Thursday, 26 October 2023 12:49

Trying To Go Home

Written by
in Poetry
Trying To Go Home
Photo by Andrea Piacquadio for Pexels

Trying To Go Home

by Fred Voss

“I’ve got a Bridgeport milling machine in my garage”
a machinist would say
and another machinist would nod
and say he had a Le Blonde engine lathe in his garage
as they dreamed
of the day when they could have an engine lathe and milling machine and surface grinder
and air compressor in their garage and make their own parts to sell and be
their own boss
no longer
have to look in the paper to find jobs in machine shops owned by strangers
no longer
be ruled by a clock as they dropped a timecard into another man’s timeclock
at 6 am
they could wait
until the slant of the sun’s rays through their bedroom window
or the sound of foghorns on the sea
or the crows cawing on telephone lines
felt just right
deep in their bones
then slip
into a leather apron and step
into their own garage
where their father’s antique standing orange radio from 1939 sits
and hope the radio station broadcasts a Dodger baseball doubleheader
like the ones their father used to listen to
no longer
would they have to stare at blank tin machine shop walls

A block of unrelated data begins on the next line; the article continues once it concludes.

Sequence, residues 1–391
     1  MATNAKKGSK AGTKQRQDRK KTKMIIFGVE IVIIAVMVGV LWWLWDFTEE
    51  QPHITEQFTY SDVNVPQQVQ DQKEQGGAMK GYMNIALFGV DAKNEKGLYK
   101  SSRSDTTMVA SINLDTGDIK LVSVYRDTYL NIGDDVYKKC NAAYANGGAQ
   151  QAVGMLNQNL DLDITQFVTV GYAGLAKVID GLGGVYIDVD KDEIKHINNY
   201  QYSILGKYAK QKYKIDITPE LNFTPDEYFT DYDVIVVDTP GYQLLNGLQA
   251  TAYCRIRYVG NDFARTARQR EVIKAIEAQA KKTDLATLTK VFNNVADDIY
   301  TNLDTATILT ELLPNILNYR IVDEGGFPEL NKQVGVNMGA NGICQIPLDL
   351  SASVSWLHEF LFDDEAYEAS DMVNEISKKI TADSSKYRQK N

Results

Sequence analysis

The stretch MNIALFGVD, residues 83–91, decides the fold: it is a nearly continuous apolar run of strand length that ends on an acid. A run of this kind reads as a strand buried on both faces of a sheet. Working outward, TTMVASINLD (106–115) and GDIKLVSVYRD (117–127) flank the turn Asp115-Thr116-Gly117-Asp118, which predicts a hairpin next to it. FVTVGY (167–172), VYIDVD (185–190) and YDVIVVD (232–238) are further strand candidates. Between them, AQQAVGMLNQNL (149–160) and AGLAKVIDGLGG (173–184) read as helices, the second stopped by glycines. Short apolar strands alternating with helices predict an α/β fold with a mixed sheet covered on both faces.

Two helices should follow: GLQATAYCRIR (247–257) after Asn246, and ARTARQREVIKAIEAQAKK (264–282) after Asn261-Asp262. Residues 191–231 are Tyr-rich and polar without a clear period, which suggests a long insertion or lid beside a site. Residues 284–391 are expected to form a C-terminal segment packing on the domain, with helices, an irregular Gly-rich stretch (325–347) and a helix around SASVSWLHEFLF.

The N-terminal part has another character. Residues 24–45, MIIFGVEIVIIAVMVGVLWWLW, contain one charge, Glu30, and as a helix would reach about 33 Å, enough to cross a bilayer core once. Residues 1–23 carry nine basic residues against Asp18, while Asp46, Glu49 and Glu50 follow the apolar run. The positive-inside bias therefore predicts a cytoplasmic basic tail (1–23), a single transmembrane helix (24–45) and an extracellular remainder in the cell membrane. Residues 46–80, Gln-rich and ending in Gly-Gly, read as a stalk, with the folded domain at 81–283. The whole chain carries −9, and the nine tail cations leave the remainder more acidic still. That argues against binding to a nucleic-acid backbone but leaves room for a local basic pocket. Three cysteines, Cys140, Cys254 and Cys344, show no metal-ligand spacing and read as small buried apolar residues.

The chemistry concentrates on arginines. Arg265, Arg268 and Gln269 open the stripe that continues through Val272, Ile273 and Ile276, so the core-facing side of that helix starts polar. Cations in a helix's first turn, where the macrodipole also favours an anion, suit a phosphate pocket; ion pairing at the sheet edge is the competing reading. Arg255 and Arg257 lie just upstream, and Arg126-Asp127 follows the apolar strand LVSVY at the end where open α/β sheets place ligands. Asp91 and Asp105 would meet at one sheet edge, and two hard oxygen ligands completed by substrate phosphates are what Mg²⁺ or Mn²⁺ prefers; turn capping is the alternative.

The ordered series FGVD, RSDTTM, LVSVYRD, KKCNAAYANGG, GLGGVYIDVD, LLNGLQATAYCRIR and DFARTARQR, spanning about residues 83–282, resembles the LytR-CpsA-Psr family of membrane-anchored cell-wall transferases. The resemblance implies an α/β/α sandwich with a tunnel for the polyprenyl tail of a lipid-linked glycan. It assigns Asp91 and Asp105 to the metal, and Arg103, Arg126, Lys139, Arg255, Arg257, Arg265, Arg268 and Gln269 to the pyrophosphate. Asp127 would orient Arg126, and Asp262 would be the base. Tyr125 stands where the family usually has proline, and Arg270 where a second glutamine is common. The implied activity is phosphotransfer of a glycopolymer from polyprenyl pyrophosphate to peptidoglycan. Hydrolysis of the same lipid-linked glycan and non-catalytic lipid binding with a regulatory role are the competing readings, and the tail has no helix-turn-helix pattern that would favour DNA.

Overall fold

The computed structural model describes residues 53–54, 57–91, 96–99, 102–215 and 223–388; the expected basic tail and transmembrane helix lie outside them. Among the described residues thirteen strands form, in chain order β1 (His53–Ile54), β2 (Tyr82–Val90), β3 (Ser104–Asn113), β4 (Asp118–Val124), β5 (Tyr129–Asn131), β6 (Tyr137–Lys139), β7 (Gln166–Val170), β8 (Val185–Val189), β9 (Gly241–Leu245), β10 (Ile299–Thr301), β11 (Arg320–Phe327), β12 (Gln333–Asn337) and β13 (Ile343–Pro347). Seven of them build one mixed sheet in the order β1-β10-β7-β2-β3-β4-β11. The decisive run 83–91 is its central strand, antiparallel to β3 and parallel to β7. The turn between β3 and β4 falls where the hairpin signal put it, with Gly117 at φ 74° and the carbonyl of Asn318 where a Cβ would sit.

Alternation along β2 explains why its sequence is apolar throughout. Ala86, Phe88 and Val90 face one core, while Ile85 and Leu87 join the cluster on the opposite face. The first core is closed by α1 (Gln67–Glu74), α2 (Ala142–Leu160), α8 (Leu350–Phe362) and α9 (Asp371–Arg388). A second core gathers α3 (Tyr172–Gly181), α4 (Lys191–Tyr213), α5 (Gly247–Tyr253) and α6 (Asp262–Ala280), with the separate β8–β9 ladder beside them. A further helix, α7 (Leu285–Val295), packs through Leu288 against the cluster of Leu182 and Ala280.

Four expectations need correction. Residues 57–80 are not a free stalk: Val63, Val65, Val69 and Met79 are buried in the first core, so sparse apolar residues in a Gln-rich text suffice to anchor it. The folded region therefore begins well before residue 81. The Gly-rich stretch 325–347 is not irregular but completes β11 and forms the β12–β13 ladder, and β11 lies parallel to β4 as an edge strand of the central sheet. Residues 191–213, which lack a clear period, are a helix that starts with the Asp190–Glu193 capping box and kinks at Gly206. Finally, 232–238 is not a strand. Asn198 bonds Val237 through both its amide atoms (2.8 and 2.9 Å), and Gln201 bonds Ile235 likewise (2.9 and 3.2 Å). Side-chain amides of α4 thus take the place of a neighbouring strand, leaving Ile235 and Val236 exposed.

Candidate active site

or listen to a foreman’s screams but look
at their own photos of the Yosemite Valley in the spring tacked to their garage walls
as they make ribbons of steel spiral off steel round stock clamped in the jaws of their own engine lathe
“All I need is an air compressor and a surface grinder
and I’ve got my own machine shop in my garage,” a machinist would say
as he dreamed of the day he could stare out his garage window
at the tree
his father planted in 1952
instead of the graveyard or the bowling ball factory across the street from the factory he works in
the garage floor his father and maybe his grandfather walked
remembering the tricycle he once pedalled around the street corner
outside his garage window as an old man from Norway in a 3-piece suit dropped chocolate candy
into his palm
instead of having to thread through 18-wheeler trucks on L.A. freeways
driving to a strange city
where a boss’s scream can get
so loud
a man can barely remember
he had a father
at all.

Read 237 times Last modified on Friday, 27 October 2023 10:54
Fred Voss

Fred Voss, a machinist for 35 years, has had three collections of poetry published by Bloodaxe Books, and two by Culture Matters: The Earth and the Stars in the Palm of Our Hand, and Robots Have No Bones.